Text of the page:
Chronic exposure to PD solutions leads to the development of simple peritoneal sclerosis, which is characterised by thickening of the parietal wall and vascular alterations (without encapsulation).3,26,27 There is a certain amount of controversy in the medical literature regarding whether EPS is a distinct entity from the simple fibrosis/sclerosis that occurs in patients on prolonged treatment with PD. In EPS, peritoneal sclerosis plays an important role, but alone does not appear to reflect the progression of the disease, requiring the presence of a “second hit” that acts as a trigger.3,28 EPS is more common in patients that have been on PD for longer periods of time, but does not appear universally in all cases, pointing towards the existence of currently undefined factors that predispose certain patients to developing this condition. It is believed that episodes of peritonitis, intense or repeated haemoperitoneum, abdominal surgery, exit from PD, and genetic predispositions could be implicated.2,3,28


Post-kidney transplant encapsulating peritoneal sclerosis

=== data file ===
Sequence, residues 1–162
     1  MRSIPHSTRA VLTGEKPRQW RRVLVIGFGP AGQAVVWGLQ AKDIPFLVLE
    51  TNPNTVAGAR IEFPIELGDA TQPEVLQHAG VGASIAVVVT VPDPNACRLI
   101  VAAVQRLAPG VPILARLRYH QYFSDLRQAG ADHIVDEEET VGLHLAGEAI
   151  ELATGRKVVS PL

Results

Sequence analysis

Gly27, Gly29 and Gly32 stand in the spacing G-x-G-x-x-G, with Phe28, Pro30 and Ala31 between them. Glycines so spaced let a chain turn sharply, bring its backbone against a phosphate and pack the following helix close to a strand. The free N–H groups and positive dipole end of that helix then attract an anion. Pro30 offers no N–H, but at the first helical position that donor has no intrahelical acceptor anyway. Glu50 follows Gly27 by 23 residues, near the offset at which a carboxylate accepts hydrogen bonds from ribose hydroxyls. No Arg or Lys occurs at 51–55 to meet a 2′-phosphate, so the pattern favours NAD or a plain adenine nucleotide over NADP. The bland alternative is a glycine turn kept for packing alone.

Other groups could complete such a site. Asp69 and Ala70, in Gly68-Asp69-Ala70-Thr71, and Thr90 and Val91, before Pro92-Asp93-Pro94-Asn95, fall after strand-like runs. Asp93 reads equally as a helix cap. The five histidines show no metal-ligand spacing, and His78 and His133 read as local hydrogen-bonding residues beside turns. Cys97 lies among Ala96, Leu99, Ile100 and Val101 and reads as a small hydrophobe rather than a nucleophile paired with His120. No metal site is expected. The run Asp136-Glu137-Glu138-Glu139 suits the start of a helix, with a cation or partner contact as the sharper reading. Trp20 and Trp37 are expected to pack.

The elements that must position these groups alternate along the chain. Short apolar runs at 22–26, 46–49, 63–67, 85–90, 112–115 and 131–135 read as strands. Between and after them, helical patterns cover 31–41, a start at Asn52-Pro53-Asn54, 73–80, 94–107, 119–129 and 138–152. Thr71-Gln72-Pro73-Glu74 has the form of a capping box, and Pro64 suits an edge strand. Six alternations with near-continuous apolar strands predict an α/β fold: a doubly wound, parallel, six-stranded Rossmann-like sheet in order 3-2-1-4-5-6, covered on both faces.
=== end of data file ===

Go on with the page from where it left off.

A substantial proportion of cases of EPS occur following a kidney transplant, and these usually manifest shortly after the transplantation. This association tends to appear in patients who start PD at a younger age, and is not necessarily correlated with prolonged exposure to PD, which has led to the suggestion that this is a different entity from the more general form of EPS.18,24,29 The exact cause of this relationship is unknown, although several hypotheses have been set forth. According to the “double hit” theory, the peritoneal membrane is first damaged by chronic exposure to PD solutions, and then a “second hit” occurs in the form of a kidney transplantation, thus triggering EPS. It is possible that PD cessation and interruption of peritoneal lavages, with the consequent accumulation of pro-fibrotic factors, could also be capable of triggering EPS.29 Another factor that has been suggested in the development of this pathology is the concomitant use of calcineurin inhibitors such as tacrolimus and cyclosporine, both of which are capable of increasing the expression of transforming growth factor β (TGF-β), and consequently are capable of increasing the rate of fibrosis.30 The use of cyclosporine A in a rat model of individuals on PD and exposed to dialysis solutions led to an increased development of fibrosis, vascularisation, and inflammation, with similar lesions to those observed in cases of EPS.31 The pathogenic role of these drugs in post-transplant EPS has still yet to be confirmed.